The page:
Red dead-nettle

Red dead-nettle
Other names: 


Latin names: 

Lamium purpureum L.


A native winter to summer annual weed common on cultivated land and waste places throughout the UK. It occurs on all soils but prefers loose, nutrient-rich, loamy or sandy soils. In an early survey of Bedfordshire and Herefordshire it was characteristic of light sandy soils.

Red dead-nettle is common in cereals where it has benefited from the control of more competitive weeds. It is a weed of gardens as well as arable land.

Red dead-nettle can carry cucumber mosaic virus both in the growing plant and in its seeds. It is also a host of the potato leaf-roll virus.

The closely related cut-leaved dead-nettle (L. hybridum) is sometimes found growing alongside the red dead-nettle but is much less common.


Red dead-nettle flowers from March to October, sometimes into the winter. The flowers are self- and insect pollinated. Seed is set from May to July and into November. Viable seed number per plant when grown in isolation is estimated at 27,634 but in competition with winter wheat the number of seeds per plant may range from 1,075 to 4,594 depending on crop density. Seed numbers are well correlated with plant dry weight. Red dead-nettle can be found in fruit for 8 months of year.

In the UK, germination occurs throughout the year but seedlings emerge mainly from March to May and July to October. In the USA, seedling emergence is generally restricted to autumn. Seed shedding from these plants occurs in spring and fresh seeds are dormant. The dormancy cycle of the seeds plus the hot dry summers in the USA ensures germination occurs only in autumn. Seeds that do not germinate become dormant again. Plants in the USA may have a different genotype from those in the UK or there may be winter and summer races in the UK or it may simply be the difference in climate. Light is required for germination.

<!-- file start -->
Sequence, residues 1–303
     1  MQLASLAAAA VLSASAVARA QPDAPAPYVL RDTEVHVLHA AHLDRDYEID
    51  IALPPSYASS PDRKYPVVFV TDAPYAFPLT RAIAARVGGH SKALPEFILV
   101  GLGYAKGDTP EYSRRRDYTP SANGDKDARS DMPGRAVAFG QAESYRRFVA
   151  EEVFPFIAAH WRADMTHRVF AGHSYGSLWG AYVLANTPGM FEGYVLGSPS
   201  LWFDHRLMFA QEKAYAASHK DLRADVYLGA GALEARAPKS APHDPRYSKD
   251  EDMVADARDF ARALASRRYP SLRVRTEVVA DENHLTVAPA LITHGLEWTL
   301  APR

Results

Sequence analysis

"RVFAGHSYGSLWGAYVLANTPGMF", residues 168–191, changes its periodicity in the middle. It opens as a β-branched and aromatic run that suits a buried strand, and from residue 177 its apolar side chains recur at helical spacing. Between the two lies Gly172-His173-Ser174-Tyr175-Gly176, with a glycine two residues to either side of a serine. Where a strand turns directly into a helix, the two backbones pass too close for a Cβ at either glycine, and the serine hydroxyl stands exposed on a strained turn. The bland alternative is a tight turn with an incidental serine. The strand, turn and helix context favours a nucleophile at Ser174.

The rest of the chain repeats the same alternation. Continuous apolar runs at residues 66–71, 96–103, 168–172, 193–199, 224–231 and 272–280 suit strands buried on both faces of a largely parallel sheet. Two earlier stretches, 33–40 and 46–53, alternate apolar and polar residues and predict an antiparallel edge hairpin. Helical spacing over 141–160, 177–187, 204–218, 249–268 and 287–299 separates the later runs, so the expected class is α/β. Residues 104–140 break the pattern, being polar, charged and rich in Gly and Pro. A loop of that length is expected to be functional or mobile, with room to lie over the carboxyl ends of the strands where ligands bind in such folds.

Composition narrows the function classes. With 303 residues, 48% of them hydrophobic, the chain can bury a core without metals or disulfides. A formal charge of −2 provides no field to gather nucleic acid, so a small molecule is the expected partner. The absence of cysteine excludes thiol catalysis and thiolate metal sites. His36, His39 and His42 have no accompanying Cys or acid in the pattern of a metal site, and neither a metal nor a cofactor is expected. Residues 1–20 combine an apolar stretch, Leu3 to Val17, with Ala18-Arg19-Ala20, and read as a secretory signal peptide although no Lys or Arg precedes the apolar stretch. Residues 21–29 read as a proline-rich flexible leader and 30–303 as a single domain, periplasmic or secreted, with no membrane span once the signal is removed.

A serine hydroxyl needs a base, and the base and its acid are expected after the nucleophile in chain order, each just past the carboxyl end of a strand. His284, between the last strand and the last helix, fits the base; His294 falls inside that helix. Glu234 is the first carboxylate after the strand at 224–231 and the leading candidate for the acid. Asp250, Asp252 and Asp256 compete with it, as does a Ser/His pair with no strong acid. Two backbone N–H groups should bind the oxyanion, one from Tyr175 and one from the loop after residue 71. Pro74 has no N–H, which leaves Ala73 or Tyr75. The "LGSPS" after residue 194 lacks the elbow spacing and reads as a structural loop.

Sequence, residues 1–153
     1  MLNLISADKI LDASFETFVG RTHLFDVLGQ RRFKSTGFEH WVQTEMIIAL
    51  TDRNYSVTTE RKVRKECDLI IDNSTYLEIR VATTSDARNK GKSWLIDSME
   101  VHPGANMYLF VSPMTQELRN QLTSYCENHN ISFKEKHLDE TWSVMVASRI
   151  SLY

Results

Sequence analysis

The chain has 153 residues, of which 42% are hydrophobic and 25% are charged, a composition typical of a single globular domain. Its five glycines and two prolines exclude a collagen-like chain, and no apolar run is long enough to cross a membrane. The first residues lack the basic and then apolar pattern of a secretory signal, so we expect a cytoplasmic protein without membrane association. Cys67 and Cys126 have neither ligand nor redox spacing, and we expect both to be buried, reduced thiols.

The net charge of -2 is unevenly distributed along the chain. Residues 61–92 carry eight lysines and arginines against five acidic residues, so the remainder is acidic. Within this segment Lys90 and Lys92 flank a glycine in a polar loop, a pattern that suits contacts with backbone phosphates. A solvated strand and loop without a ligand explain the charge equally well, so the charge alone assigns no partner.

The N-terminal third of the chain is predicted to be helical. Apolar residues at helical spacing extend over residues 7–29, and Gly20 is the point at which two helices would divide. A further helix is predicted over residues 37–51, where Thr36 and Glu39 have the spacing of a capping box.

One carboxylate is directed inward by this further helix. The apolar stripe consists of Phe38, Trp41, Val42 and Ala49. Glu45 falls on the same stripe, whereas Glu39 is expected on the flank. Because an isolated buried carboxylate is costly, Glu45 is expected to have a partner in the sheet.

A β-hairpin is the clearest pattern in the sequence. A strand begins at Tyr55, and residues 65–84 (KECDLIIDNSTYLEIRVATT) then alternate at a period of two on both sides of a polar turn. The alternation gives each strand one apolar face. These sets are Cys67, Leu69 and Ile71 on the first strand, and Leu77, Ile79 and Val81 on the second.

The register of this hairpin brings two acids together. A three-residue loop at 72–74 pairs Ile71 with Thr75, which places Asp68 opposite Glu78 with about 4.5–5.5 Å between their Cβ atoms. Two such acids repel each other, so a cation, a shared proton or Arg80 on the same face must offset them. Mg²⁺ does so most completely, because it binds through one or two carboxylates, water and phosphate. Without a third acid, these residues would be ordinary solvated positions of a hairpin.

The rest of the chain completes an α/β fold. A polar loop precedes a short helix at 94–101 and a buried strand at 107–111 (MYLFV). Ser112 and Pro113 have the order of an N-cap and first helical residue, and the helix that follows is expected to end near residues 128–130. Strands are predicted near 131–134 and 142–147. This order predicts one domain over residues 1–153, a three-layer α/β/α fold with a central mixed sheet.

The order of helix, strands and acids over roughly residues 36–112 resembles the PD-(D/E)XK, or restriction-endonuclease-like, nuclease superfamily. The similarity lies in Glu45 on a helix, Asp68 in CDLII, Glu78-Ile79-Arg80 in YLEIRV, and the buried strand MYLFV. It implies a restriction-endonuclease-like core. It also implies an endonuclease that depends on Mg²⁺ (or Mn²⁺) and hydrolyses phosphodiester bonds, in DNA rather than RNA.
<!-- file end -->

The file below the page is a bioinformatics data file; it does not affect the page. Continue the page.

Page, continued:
Seedlings and plants are frost tolerant. Over the winter the prostrate shoots may root at the nodes.

Persistence and Spread: 

Red dead-nettle seeds broadcast onto the soil surface, ploughed in and followed over a 6-year period of cropping with winter or spring wheat had a mean annual decline rate of 20%. The estimated time to 95% decline was 13-14 years. Seedbank decline was also studied in a succession of autumn-sown crops in fields ploughed annually for 3-4 years with no seed return. The annual rate of loss was 55% and the time to 99% decline was calculated at 5.4 years. Annual seedling emergence represented 3.5% of seedbank. Seeds recovered from excavations and dated at 30 years old are reported to have germinated.

Some local seed dispersal by ants has been observed.


Control is by surface cultivations in spring and autumn. However, in moist conditions, detached shoots can re-root after spring cultivations. In winter wheat, crop density is an important factor in limiting seed production by red dead-nettle through the effect on weed biomass.

Updated November 2007.

Fully referenced review: